No, they are sure. They do not agree. There is a difference.Peter J said:Personally, I'm not too bothered. After all, we got by until 1870 without even the dogma that every ex cathedra statement is infallible. (It still wouldn't be a dogma, if Cardinal Newman had had his way.)Irish Hermit said:You are extremely hard on the Roman Catholic brethren. They know exactly how many infallible statements there are...
Those who are followers of the Catholic apologist Scott Hahn know there are only TWO
Those who follow Tim Staples know that there are FOUR
Those who follow the famous Roman Catholic priest and broadcaster Fr Leslie Rumble know there are EIGHTEEN
(although he is not sure about four of them.)
Those who follow the even more famous theologian Ludwig Ott know that there are SIXTY.
BTW, I believe Fr. Taft (in his Orientale Lumen talk) points out that some Orthodox Churches are unsure of which books are in the bible. (Seems relevant to this thread, since some Orthodox are criticizing us for not having an official list of ex cathedra statements.)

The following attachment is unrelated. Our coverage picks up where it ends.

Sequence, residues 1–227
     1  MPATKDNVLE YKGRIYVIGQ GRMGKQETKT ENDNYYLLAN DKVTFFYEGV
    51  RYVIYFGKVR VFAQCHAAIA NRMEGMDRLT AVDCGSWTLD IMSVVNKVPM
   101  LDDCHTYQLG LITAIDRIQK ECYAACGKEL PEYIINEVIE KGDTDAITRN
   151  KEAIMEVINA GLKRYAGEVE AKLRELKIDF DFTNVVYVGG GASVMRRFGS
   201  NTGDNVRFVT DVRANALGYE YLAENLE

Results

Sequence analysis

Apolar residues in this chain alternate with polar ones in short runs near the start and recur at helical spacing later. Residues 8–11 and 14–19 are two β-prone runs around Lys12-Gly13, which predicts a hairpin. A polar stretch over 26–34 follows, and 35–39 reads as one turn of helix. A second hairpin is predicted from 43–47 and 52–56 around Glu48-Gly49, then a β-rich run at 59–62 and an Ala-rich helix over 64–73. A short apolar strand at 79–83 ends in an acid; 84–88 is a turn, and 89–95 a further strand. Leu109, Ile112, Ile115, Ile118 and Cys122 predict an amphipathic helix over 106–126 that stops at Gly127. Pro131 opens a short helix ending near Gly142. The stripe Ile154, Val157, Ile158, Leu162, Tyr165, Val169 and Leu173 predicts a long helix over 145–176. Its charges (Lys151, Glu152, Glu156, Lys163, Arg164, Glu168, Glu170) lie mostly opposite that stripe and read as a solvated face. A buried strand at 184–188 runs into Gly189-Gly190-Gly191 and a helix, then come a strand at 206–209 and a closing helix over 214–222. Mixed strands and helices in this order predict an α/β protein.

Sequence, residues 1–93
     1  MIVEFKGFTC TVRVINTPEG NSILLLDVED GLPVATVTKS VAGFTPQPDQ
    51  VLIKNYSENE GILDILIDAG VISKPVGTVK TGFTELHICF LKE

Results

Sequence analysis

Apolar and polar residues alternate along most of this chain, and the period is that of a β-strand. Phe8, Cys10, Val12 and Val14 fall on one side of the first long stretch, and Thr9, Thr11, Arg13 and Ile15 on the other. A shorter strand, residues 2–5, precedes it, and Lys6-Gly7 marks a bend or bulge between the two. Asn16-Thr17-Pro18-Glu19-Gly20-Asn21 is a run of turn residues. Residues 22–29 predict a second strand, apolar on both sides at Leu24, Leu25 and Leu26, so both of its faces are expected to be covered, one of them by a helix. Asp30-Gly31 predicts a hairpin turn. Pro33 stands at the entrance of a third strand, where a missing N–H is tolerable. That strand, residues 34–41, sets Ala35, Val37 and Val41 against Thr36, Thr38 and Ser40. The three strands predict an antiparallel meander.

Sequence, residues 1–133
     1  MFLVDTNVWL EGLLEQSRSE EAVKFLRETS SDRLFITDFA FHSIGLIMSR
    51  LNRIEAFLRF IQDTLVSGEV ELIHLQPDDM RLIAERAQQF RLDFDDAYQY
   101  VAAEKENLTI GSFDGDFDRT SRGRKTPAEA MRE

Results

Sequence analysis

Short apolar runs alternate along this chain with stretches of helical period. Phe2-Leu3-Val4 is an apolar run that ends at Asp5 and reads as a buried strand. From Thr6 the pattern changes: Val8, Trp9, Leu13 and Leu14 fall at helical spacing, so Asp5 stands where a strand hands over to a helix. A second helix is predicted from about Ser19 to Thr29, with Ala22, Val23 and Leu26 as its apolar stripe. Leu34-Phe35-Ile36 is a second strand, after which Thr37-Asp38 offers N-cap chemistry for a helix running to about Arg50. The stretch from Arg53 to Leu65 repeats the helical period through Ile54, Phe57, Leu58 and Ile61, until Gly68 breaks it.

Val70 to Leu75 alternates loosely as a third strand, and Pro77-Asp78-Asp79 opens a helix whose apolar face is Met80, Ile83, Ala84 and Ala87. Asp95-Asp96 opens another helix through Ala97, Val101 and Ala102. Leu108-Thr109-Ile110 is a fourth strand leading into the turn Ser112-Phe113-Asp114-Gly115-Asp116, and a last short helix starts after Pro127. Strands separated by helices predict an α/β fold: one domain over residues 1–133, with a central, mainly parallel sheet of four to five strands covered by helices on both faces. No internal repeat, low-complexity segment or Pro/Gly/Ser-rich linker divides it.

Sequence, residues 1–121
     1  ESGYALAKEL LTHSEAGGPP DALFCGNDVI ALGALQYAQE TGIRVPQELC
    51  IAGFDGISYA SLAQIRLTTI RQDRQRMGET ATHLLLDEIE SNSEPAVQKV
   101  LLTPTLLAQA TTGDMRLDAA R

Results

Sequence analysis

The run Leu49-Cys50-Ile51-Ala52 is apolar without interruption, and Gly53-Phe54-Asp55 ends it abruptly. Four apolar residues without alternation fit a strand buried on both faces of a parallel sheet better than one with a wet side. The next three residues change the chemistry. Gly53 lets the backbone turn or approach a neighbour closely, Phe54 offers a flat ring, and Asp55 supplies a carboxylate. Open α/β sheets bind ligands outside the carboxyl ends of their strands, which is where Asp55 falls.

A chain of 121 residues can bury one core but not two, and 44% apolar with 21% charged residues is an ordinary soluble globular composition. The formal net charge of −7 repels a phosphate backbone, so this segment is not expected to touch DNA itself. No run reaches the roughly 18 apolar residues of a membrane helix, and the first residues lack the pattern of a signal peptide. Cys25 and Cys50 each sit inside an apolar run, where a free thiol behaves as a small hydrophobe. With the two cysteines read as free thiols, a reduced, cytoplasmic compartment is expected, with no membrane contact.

We are all agreed on the Four Gospels. All the rest is commentary on these.
We are all agreed on the New Testament 27 books. The OT is read in the light of these.
The EO have III Maccabbees, which among the OO, only the Armenians have. The EO have IV Maccabbees as an appendix, except the Georgians who include it in the main body, and the OO do not have the appendix. The Greeks do not have II Esdras, the Slavs have it as an appendix, the Georgians and the OO having it in the main body of the OT. The Ethiopians have an expanded canon, part of which is quoted in the NT.
End of discrepancies. Since, however, Scripture is part of Tradition, and not opposed to Tradition, and the "disputed books" are in the Tradition, it doesn't make much of a difference. Only with Protestants.